A recent grant from NZCT to the Ruamata Waka Ama club will provide more opportunities for paddlers in the Rotorua area.
The $30,000 grant will enable two new six-man waka to be bought, increasing the capacity of the club to offer both social and competitive paddling to club members and the wider community.
“This funding is hugely important,” says Ruamata Club Chairman Heeni Hope. “The new waka will mean we can get more people on the water. Our club members were very excited about the news that our application was successful.”
Waka ama is a popular sport in the Rotorua community. There are four waka ama clubs in and around Rotorua, as well as several kura/schools which have taken to the sport. The Ruamata club hosts a series of races called Te Rotohoe, which takes paddlers to Lakes Rotoma, Te Rotoiti, Tarawera and Rotorua that is attended by paddlers from around the country. Rotorua has also hosted the National Secondary School Waka Ama Championships in 2018 and 2019 on Lake Tikitapu.
“We have about 300 paddlers on our club register, with about 100 being competitive, all-year-round paddlers,” says Heeni. “The numbers of active paddlers increase over the warmer months. We are constantly looking at new ways to cater for the members of our community who are looking to start paddling, while also accommodating our competitive paddlers' needs.”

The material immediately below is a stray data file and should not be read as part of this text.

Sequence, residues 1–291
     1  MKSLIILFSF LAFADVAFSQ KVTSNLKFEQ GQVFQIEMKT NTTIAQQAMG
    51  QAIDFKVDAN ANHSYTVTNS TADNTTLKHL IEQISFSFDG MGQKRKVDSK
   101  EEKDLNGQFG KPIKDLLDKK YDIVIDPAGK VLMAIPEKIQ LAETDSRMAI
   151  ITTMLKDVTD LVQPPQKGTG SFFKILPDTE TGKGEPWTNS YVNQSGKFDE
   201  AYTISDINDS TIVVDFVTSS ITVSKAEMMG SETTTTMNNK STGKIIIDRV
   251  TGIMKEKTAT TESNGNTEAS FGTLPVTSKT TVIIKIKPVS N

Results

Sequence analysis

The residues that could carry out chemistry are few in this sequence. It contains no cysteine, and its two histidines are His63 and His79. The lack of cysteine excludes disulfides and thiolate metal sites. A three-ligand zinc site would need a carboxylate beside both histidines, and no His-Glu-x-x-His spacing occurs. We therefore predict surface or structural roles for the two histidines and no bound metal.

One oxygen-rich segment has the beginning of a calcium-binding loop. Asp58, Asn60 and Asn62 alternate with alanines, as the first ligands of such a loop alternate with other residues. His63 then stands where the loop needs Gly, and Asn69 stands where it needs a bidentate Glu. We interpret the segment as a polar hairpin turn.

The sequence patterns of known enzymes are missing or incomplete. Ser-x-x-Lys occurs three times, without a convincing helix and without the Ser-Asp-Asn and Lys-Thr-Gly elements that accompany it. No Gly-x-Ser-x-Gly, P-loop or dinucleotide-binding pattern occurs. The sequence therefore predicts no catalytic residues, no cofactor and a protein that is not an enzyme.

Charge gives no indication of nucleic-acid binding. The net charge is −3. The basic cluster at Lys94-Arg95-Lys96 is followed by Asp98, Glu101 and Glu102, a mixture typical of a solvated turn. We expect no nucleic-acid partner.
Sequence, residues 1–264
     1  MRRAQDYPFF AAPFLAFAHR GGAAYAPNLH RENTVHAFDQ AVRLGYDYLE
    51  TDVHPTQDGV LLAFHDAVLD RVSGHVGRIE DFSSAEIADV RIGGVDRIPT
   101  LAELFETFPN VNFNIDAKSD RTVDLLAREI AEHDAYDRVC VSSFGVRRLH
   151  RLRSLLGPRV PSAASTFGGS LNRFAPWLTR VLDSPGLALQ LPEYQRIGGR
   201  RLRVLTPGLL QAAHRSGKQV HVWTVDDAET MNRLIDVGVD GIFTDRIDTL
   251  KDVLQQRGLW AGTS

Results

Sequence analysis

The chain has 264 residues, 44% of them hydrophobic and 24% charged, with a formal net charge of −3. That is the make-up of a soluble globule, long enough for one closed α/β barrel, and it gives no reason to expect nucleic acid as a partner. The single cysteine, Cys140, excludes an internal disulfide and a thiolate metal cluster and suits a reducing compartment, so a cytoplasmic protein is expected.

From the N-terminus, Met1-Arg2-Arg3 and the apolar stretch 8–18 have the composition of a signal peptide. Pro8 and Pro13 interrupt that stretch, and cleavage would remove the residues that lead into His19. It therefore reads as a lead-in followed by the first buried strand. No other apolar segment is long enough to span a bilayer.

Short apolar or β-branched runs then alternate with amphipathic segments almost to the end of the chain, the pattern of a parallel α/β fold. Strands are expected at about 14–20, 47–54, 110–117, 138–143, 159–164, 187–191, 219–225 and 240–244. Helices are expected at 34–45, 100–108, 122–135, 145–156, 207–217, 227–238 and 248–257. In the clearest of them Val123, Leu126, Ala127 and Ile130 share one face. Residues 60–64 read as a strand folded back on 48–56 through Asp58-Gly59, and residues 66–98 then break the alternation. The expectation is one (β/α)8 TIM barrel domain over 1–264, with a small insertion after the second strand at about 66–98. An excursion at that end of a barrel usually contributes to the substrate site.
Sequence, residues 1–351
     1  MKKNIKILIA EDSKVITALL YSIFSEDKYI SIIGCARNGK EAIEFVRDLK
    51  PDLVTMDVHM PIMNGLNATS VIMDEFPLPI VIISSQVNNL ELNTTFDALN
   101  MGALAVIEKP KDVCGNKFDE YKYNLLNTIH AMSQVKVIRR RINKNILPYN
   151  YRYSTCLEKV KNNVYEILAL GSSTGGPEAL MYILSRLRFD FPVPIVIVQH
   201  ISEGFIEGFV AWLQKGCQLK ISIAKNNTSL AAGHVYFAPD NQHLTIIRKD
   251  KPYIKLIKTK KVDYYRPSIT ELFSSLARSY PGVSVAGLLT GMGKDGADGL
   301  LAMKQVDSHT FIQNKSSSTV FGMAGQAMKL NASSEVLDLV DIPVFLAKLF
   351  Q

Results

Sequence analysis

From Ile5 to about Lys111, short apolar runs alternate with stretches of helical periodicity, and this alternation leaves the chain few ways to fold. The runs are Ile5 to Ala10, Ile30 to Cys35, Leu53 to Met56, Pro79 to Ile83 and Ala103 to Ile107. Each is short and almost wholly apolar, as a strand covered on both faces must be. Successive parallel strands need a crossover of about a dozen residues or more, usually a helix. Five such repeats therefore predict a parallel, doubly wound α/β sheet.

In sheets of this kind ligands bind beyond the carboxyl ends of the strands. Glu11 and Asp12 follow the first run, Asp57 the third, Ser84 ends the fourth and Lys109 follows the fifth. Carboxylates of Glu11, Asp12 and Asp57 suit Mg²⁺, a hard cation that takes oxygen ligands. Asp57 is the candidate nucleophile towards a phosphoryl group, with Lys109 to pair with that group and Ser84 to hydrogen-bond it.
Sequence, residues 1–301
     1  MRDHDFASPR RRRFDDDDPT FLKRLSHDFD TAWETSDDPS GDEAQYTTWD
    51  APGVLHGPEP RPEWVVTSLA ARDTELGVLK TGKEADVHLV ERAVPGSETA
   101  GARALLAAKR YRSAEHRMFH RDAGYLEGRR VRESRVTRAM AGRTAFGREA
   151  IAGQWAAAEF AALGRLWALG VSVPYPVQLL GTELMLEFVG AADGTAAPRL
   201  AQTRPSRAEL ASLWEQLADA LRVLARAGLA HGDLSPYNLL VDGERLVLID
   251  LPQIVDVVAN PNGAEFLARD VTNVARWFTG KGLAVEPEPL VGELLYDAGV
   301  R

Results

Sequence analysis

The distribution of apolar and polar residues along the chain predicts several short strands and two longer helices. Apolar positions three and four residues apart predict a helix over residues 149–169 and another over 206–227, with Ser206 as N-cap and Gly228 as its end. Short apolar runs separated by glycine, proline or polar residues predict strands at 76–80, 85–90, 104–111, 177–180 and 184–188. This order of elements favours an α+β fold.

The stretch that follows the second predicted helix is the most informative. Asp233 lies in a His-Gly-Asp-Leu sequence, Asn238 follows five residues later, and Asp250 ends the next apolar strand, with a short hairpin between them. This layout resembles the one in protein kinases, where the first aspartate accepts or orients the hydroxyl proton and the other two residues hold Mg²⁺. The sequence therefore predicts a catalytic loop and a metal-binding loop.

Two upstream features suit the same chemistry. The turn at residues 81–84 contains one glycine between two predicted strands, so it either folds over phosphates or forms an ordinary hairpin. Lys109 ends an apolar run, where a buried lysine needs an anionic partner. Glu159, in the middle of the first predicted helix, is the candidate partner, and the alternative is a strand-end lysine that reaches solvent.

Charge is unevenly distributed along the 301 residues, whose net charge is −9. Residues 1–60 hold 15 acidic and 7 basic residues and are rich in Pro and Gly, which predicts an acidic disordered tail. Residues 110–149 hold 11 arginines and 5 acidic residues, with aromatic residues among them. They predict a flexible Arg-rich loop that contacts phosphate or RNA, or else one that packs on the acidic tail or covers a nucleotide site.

The sport can be enjoyed by all ages. The youngest competitive paddlers at the Ruamata club are six and seven years old, but paddlers as young as five participate out of competition. The club has a strong field of paddlers that are Masters (40-49 years old) and Senior Masters (50-59 years old). There are also several competitive and social paddlers who are Golden Masters (over 60 years old).
Ruamata also has a proud winning tradition with national and world champions calling the club home. Its paddlers regularly compete at international events, such as the Moloka'i Crossing in Hawai'i, Vaka Eiva in Rarotonga and the Tahiti Aito.
“Waka ama is for some a sport, and for others a way of life,” says Heeni. “Not only is it important for oranga tinana (physical health) but also to our oranga ngākau and oranga whānau (emotional and social/family wellbeing). Whānau in our club frequently paddle together, and our waka are also used at marae and iwi events. Waka ama is important to us as it is something that keeps us connected to our past waka traditions and places.”
“It has been a very positive experience with NZCT. We are encouraged that they also see the benefits of waka ama and supported our tono (request) to fund two new waka for our club. Kāore i ārikarika ā mātou kupu whakamihi ki a NZCT.”